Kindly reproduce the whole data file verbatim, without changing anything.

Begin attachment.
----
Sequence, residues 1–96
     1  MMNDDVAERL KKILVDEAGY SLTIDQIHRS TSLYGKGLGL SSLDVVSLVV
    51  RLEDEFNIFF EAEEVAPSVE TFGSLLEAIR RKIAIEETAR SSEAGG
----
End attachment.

Sequence, residues 1–96
     1  MMNDDVAERL KKILVDEAGY SLTIDQIHRS TSLYGKGLGL SSLDVVSLVV
    51  RLEDEFNIFF EAEEVAPSVE TFGSLLEAIR RKIAIEETAR SSEAGG